Japanese Nuclear Emergency: Radiation Monitoring
About RadNet Laboratory Data
This site contains information and data from March 11, 2011 to June 30, 2011. EPA has returned to routine RadNet operations. This site will continue to be available for historical and informative purposes.
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Air Filter and Air Cartridge
The detailed filter analysis allows us to see the trace amounts of radioactive material that our sensitive near-real-time air monitors don't pick up. The filter analysis identifies the specific radioactive material and its amount.
The detailed filter and cartridge analysis presents air sampling data for detected radioactive material associated with nuclear power incidents. The results show the average concentration of radioactive material in the measurement: picocuries per cubic meter (pCi/m3) over the sampling period.
Results are presented from two types of air sampling: air cartridge and air filters.
- Air Cartridge Sampling: RadNet deployable monitors pass air through a cartridge that contains charcoal. The cartridges collect radioactive particles and gases in much the same way that a home charcoal air filter traps cooking odors. The cartridges are sent to an EPA laboratory for a sensitive laboratory analysis which can detect gaseous radioactive material in the sample. The date on the data table is the day that the canister was taken off the sampler.
- Air Filter Sampling: RadNet stationary or deployable monitors pass air through a filter which traps particulates. The filter is sent to an EPA laboratory for a sensitive laboratory analysis which can detect radionuclides present. The date on the data table is the day that the filter was taken off the sampler for analysis.
EPA scientists routinely test precipitation samples from more than 30 sites in the U.S. The stations submit precipitation samples to the EPA lab as rainfall, snow or sleet occurs. Under routine circumstances, samples are composited and analyzed by EPA scientists monthly. In response to the Japanese nuclear incident, gamma analyses were being performed on the precipitation samples as they're received.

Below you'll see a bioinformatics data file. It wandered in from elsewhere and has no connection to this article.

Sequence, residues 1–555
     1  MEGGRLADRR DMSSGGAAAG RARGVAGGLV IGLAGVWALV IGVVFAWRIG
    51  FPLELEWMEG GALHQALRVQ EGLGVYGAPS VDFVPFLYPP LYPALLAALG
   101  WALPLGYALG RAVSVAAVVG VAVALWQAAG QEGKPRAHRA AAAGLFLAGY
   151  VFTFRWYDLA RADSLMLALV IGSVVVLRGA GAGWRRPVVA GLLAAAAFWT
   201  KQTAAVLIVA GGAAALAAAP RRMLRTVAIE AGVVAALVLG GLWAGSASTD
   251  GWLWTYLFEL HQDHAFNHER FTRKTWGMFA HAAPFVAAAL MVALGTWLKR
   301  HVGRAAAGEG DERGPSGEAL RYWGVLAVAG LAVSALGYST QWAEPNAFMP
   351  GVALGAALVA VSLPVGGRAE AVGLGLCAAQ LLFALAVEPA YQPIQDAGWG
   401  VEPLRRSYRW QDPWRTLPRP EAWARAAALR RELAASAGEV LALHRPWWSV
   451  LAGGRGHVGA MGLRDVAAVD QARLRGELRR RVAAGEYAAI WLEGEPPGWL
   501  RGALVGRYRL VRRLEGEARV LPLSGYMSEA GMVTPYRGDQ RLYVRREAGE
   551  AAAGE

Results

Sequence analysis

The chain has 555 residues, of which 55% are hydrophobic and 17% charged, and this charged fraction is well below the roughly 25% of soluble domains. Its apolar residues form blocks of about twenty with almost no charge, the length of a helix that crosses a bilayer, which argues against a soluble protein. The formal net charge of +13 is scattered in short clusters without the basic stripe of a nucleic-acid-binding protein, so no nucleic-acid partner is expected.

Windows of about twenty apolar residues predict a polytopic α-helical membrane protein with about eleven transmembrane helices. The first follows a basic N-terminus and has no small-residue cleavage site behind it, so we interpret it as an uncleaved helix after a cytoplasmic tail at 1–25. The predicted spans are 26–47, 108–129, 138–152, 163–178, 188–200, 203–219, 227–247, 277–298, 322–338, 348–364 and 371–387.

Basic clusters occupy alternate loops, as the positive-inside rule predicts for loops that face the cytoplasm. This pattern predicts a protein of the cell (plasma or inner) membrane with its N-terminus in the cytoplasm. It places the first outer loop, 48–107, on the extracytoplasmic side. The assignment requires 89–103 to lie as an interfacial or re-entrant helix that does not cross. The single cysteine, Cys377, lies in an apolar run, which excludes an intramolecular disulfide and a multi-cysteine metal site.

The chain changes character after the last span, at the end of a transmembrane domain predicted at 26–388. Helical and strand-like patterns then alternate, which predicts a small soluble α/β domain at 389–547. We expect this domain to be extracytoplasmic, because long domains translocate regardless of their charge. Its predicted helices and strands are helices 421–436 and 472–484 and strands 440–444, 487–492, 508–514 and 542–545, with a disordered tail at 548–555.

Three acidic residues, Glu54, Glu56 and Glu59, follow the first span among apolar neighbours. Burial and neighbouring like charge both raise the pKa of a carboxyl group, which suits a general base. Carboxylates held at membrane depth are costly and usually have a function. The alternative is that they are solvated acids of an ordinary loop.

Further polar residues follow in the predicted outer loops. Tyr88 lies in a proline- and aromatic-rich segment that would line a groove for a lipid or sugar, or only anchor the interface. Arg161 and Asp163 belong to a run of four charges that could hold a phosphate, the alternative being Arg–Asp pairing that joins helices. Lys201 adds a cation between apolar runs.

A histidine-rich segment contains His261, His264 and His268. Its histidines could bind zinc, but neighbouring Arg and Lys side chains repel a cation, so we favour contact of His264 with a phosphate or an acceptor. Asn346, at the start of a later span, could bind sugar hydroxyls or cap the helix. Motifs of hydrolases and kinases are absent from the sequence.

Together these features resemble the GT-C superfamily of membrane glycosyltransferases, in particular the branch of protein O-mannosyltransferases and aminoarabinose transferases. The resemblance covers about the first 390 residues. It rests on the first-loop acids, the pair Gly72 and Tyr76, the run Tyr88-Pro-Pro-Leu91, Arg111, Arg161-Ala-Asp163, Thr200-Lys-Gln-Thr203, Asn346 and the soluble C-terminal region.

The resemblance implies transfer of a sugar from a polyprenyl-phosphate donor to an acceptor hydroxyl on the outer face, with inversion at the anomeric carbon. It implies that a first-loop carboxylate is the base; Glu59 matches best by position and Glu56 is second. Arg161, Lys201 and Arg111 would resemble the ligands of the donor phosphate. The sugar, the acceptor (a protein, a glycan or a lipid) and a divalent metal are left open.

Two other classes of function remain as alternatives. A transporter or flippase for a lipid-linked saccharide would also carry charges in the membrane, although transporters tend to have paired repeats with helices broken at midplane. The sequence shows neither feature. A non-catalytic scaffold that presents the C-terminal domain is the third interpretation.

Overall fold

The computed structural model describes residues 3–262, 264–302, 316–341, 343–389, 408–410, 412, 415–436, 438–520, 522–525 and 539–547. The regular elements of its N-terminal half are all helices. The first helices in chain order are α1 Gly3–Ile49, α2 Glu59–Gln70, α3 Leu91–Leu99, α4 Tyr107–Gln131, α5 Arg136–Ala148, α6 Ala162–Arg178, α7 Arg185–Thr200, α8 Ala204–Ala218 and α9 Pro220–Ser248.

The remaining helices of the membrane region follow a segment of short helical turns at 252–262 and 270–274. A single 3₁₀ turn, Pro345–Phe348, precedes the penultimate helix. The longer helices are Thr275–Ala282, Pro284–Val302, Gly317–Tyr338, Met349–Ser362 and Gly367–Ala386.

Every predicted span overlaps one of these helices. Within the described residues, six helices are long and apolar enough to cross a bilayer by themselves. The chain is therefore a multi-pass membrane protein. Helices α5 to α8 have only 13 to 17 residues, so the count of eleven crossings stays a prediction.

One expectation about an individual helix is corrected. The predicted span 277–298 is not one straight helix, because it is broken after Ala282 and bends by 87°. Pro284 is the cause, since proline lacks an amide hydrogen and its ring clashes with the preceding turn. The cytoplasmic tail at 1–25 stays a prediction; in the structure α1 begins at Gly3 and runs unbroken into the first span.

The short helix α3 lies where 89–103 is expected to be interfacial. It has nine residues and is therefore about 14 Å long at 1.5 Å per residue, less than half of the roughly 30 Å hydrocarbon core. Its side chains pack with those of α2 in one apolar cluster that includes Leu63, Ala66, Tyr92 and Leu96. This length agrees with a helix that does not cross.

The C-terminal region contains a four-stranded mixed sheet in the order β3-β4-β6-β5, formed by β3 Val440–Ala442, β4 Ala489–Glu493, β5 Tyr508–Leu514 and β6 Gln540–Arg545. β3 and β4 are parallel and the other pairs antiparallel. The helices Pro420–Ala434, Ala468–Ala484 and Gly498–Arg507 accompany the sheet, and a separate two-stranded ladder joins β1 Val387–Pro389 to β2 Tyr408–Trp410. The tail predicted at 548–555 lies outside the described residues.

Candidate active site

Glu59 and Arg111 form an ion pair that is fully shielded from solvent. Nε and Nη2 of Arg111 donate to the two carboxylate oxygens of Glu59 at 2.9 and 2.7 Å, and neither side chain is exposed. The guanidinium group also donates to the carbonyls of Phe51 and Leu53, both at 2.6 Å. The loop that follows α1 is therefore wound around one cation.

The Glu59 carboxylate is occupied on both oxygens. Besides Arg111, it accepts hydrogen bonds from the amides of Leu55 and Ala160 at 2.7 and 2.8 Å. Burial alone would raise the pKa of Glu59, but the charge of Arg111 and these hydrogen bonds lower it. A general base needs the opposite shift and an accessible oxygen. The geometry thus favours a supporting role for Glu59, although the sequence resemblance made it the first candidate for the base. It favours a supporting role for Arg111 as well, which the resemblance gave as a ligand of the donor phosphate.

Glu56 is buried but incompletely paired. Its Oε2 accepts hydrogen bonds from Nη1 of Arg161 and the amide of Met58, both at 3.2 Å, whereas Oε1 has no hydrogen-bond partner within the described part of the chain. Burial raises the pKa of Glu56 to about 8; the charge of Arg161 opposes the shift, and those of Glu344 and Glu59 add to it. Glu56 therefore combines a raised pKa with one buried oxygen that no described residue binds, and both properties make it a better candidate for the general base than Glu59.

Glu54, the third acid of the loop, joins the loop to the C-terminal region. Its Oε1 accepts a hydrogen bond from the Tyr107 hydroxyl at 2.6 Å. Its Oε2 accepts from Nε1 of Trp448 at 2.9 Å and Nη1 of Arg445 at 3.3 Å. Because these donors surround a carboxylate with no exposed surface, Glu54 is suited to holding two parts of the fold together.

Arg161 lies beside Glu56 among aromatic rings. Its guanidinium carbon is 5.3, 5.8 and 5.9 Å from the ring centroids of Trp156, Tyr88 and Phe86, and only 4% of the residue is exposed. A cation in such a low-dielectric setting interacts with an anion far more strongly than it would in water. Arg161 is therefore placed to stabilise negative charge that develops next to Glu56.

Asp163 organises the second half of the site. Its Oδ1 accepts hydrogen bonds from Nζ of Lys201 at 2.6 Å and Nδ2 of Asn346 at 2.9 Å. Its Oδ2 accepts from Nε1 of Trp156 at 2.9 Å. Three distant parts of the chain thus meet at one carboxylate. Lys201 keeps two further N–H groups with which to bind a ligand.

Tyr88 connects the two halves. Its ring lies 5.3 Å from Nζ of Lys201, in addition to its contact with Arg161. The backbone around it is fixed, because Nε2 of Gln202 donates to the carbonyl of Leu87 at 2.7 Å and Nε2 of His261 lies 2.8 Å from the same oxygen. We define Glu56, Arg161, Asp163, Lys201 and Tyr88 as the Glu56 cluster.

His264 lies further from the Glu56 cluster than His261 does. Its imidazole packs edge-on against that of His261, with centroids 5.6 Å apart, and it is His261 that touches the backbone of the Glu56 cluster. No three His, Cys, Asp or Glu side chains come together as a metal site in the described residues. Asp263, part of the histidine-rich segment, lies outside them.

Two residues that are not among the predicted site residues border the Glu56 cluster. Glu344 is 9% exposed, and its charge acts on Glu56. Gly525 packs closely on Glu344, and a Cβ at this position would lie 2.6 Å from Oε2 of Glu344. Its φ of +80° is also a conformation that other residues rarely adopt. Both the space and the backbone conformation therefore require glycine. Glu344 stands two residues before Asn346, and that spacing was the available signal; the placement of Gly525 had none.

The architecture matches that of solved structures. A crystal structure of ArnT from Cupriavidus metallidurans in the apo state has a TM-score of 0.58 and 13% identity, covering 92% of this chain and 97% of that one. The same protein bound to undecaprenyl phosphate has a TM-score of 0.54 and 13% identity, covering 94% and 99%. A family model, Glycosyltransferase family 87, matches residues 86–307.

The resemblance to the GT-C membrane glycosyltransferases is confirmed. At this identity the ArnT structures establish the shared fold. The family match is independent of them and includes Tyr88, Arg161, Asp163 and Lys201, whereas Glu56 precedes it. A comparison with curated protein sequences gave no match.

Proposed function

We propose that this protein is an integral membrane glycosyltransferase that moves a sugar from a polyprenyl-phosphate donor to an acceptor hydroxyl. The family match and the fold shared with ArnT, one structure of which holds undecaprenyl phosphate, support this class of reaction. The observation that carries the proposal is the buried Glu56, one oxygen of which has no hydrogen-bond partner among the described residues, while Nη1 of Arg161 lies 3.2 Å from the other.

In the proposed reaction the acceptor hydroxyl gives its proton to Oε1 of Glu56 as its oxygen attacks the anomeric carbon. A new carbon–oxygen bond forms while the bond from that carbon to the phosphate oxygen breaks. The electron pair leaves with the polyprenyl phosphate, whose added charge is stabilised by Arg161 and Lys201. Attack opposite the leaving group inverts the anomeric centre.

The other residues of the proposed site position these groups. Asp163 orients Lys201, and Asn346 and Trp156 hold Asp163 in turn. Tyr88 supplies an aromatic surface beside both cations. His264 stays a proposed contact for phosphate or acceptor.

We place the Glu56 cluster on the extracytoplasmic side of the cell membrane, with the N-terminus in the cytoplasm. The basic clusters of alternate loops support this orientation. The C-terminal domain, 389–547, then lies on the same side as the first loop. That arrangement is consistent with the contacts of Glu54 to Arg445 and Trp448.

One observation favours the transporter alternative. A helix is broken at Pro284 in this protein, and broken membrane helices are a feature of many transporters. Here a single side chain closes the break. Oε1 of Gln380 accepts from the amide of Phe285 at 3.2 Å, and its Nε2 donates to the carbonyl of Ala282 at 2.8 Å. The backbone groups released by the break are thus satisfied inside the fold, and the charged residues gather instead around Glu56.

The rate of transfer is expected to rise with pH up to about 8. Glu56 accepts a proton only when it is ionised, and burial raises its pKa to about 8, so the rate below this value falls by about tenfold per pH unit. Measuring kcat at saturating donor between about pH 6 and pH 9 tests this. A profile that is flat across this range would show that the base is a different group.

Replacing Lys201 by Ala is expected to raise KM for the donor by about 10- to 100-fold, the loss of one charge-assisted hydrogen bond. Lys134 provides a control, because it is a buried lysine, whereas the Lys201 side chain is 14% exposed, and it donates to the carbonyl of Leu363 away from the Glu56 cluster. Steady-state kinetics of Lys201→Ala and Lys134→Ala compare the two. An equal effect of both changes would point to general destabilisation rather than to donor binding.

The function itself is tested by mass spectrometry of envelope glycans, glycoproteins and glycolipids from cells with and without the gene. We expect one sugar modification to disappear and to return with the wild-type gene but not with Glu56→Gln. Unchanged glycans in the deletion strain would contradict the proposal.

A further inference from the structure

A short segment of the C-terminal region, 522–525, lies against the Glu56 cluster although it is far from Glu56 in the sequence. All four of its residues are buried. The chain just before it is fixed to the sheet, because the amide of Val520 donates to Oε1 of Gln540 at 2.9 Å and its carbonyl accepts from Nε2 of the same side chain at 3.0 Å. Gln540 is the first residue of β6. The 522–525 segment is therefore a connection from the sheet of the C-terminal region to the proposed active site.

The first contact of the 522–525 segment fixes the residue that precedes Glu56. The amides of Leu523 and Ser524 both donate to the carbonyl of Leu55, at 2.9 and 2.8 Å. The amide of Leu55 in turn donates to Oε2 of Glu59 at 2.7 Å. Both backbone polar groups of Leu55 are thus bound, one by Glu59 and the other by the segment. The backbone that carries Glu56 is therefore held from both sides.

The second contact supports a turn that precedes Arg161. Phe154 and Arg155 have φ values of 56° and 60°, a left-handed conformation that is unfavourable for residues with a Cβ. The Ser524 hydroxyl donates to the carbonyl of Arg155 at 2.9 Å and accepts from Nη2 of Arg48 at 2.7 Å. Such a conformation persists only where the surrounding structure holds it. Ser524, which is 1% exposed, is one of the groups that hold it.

It took up to five days for results because of the number of samples directed to the laboratory. This was to ensure the proper analysis and quality assurance measures took place before the results were released. EPA expected to see radioisotopes consistent with the Japanese nuclear incident during sample analysis. EPA expected the measured levels to be extremely low as this air mass disperses across our planet. All results are in picocuries per liter (pCi/L). A picocurie is one trillionth of a curie.
As part of our efforts to ensure that there is no public health concern in the U.S. related to radiation exposure, EPA routinely samples cow's milk at more than 30 stations every three months.
EPA has accelerated our quarterly milk sampling across the nation to collect the samples immediately. This action is precautionary, to make sure that we are gathering as much data as possible, informing our scientists and the public.
The milk samples are analyzed by gamma spectrometry, looking for fission products such as iodine-131 (I-131), barium-140 (Ba-140), and cesium-137 (Cs-137), which could become present in the event of a nuclear accident. All results are measured in picocuries per liter (pCi/L). A picocurie is one trillionth of a curie.
EPA's RadNet Drinking Water Program obtains quarterly drinking water samples from more than 50 sites across the country. Due to the Japanese nuclear incident, our sampling stations nationwide collected samples immediately and sent them to our laboratory for analysis.
It took about a week for results, because of the number of samples being directed to the laboratory and to ensure the proper analysis and quality assurance measures take place before the results are released. All results are measured in picocuries per liter (pCi/L). A picocurie is one trillionth of a curie. It's important to remember that radioactive material from Japan will have to travel thousands of miles through the air before reaching the U.S. The material will be widely dispersed and diluted by wind. To impact drinking water, the material would need to be caught in precipitation, fall to the ground and eventually enter drinking water.